Trump during a rally in Florida criticized media outlets for their reporting on the COVID-19 pandemic, prompting loud chants of “fire Fauci.”
“Don’t tell anybody, but let me wait ’till a little bit after the election please. I appreciate the advice. I appreciate the advice,” Trump said.
“No, he’s been wrong, though, a lot. He’s a nice man, though. He’s been wrong on a lot. ‘Do not, under any circumstances, wear a mask,’ he said. ‘Do not close up to China,’ he said. Then he said later on that ‘Trump—President Trump—saved tens of thousands of lives’ because I closed early.”
Fauci, the head of the National Institute of Allergy and Infectious Diseases, part of the federal government, was among the federal health experts who early this year repeatedly exhorted people not to wear masks.
The experts abruptly changed course in April, citing studies they said showed people who have COVID-19, the disease caused by the CCP (Chinese Communist Party) virus, could spread the virus even if they weren’t showing symptoms.
Fauci later suggested experts knew masks could be effective in preventing spread of the virus but told the public not to wear them because of concerns over the supply of face coverings.
“I don’t regret anything I said then because in the context of the time in which I said it, it was correct. We were told in our task force meetings that we have a serious problem with the lack of PPEs and masks for the health providers who are putting themselves in harm’s way every day to take care of sick people,” he told “CBS Evening News” over the summer.
“When it became clear that the infection could be spread by asymptomatic carriers who don’t know they’re infected, that made it very clear that we had to strongly recommend masks.”
Trump during the rally was also referring to how in late January he ordered most travel from China halted to try to prevent transmission of the CCP virus.
Democratic presidential nominee Joe Biden called Trump “xenophobic” the day after the decision, though he later insisted he was not referring to the move.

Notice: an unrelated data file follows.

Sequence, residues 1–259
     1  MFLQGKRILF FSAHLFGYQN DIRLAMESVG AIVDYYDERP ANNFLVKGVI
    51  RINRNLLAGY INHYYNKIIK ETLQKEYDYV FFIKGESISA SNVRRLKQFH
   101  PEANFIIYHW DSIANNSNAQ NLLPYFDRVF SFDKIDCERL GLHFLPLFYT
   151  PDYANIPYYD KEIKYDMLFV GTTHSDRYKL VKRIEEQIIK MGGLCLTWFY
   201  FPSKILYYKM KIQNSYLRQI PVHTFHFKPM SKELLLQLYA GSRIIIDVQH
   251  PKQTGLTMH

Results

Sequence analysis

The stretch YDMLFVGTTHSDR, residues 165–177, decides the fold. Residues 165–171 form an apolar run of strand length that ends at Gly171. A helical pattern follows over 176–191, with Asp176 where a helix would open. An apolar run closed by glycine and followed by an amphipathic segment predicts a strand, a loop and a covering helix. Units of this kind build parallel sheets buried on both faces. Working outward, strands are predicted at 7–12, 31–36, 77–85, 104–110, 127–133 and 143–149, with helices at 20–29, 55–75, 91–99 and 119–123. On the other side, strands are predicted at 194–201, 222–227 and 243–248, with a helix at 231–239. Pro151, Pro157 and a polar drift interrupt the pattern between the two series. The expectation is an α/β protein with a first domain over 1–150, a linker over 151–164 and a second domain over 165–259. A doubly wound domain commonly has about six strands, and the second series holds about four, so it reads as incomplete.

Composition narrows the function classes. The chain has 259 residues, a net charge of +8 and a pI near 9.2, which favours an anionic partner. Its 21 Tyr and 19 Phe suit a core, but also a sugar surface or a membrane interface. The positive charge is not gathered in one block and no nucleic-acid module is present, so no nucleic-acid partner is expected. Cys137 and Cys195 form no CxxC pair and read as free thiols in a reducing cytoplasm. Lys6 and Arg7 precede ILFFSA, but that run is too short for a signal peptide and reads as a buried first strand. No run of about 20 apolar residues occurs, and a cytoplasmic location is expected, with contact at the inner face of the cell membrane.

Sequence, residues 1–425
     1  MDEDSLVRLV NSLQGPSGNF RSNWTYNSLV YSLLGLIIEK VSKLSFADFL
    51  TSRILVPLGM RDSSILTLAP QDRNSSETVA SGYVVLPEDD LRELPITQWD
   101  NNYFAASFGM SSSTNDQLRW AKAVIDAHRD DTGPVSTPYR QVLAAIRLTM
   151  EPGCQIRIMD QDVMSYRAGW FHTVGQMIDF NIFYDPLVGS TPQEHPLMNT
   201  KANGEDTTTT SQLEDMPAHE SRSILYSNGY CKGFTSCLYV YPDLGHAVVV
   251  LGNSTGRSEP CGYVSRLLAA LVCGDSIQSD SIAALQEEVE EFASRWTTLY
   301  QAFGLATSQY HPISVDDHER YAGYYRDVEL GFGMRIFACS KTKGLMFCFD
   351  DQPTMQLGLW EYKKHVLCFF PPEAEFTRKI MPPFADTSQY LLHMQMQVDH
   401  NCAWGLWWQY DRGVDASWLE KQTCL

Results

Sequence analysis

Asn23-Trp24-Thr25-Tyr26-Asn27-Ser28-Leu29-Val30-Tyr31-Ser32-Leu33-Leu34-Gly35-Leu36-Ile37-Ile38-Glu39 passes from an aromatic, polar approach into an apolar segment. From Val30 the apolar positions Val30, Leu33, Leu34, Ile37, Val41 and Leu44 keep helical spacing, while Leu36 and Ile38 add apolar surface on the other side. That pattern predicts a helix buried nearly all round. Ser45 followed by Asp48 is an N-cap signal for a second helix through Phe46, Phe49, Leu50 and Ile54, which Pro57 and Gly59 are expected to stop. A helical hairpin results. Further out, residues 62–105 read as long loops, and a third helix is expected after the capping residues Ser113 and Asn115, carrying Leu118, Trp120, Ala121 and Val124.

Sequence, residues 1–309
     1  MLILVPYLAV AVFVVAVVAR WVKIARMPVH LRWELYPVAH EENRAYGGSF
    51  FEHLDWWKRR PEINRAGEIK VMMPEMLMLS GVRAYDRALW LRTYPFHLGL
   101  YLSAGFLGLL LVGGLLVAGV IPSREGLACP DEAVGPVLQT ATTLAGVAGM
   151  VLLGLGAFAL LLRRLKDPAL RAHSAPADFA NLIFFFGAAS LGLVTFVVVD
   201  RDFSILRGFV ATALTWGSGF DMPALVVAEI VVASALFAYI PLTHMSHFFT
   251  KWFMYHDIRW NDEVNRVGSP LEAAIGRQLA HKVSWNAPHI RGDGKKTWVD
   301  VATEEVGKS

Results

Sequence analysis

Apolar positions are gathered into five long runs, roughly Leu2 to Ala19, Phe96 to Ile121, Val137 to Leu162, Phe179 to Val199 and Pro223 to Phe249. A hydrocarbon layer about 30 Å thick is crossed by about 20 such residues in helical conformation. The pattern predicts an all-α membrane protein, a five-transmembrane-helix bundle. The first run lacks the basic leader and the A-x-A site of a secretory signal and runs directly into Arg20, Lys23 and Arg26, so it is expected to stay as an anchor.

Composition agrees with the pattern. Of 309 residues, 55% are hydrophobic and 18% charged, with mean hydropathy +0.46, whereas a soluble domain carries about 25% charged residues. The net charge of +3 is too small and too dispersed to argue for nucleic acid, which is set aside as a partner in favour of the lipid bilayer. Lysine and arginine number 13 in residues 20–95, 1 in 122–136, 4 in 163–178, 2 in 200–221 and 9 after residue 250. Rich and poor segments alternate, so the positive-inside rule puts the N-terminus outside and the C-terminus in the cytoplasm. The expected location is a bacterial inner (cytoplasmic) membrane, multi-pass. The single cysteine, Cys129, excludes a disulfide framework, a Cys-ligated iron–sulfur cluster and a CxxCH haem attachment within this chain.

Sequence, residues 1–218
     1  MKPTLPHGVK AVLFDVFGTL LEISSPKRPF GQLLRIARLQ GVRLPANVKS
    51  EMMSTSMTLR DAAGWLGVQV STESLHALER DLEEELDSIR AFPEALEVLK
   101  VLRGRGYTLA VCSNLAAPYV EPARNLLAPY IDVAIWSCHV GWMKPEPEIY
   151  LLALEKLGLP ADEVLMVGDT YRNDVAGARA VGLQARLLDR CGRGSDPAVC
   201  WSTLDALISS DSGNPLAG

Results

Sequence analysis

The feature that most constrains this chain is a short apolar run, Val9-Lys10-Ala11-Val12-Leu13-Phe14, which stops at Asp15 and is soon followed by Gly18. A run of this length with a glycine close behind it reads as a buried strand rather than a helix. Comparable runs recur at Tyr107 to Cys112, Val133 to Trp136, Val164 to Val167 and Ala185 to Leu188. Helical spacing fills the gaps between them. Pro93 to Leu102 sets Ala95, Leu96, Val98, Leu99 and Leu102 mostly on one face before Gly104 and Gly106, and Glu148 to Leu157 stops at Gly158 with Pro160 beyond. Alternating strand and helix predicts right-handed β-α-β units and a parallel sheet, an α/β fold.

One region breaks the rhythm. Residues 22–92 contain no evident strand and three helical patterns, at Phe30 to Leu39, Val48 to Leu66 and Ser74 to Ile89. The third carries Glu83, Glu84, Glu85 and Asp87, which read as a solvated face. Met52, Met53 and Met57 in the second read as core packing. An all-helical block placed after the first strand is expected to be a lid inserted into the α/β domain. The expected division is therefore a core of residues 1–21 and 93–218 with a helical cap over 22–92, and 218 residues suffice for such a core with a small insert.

Once a fixture at daily briefings on the federal response to the pandemic, Fauci has regularly appeared at odds with Trump. Fauci frequently appears on cable news and other outlets to talk about COVID-19 and has spoken negatively about the Trump administration’s response to the health crisis.
The National Institute of Allergy and Infectious Diseases hasn’t responded to requests for comment.
Fauci last week claimed the United States is “in for a whole lot of hurt” in the coming months, adding: “It’s not a good situation. All the stars are aligned in the wrong place as you go into the fall and winter season, with people congregating at home indoors. You could not possibly be positioned more poorly.”
He also said Biden’s campaign is taking the pandemic “seriously from a public health perspective” while Trump is “looking at it from a different perspective,” from the standpoint of “the economy and reopening the country.”
The White House criticized the comments, describing them as playing politics.
“It’s unacceptable and breaking with all norms for Dr. Fauci, a senior member of the president’s Coronavirus Task Force and someone who has praised President Trump’s actions throughout this pandemic, to choose three days before an election to play politics,” White House deputy press secretary Judd Deere told news outlets in a statement. “As a member of the Task Force, Dr. Fauci has a duty to express concerns or push for a change in strategy, but he’s not done that.”
Jack Phillips contributed to this report.